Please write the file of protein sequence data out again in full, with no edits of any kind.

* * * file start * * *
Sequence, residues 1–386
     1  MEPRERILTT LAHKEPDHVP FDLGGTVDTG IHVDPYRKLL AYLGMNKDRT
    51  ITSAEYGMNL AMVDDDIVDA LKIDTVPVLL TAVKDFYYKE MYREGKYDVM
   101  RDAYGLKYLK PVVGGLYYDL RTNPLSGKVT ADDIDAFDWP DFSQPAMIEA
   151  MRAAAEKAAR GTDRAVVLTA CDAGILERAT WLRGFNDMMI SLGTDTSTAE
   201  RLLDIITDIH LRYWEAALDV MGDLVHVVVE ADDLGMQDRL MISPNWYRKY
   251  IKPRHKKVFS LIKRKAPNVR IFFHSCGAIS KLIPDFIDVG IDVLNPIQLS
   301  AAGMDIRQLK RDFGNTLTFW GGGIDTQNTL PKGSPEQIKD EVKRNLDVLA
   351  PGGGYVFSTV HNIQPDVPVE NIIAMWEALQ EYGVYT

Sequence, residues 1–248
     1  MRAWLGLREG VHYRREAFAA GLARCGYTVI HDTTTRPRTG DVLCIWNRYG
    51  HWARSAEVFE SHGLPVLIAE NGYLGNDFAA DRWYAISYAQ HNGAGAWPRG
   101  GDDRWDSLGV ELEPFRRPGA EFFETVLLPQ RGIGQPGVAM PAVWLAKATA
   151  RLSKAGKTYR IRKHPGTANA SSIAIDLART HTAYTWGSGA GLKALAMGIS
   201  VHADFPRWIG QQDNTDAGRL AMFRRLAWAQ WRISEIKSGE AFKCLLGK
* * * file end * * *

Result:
Sequence, residues 1–386
     1  MEPRERILTT LAHKEPDHVP FDLGGTVDTG IHVDPYRKLL AYLGMNKDRT
    51  ITSAEYGMNL AMVDDDIVDA LKIDTVPVLL TAVKDFYYKE MYREGKYDVM
   101  RDAYGLKYLK PVVGGLYYDL RTNPLSGKVT ADDIDAFDWP DFSQPAMIEA
   151  MRAAAEKAAR GTDRAVVLTA CDAGILERAT WLRGFNDMMI SLGTDTSTAE
   201  RLLDIITDIH LRYWEAALDV MGDLVHVVVE ADDLGMQDRL MISPNWYRKY
   251  IKPRHKKVFS LIKRKAPNVR IFFHSCGAIS KLIPDFIDVG IDVLNPIQLS
   301  AAGMDIRQLK RDFGNTLTFW GGGIDTQNTL PKGSPEQIKD EVKRNLDVLA
   351  PGGGYVFSTV HNIQPDVPVE NIIAMWEALQ EYGVYT

Sequence, residues 1–248
     1  MRAWLGLREG VHYRREAFAA GLARCGYTVI HDTTTRPRTG DVLCIWNRYG
    51  HWARSAEVFE SHGLPVLIAE NGYLGNDFAA DRWYAISYAQ HNGAGAWPRG
   101  GDDRWDSLGV ELEPFRRPGA EFFETVLLPQ RGIGQPGVAM PAVWLAKATA
   151  RLSKAGKTYR IRKHPGTANA SSIAIDLART HTAYTWGSGA GLKALAMGIS
   201  VHADFPRWIG QQDNTDAGRL AMFRRLAWAQ WRISEIKSGE AFKCLLGK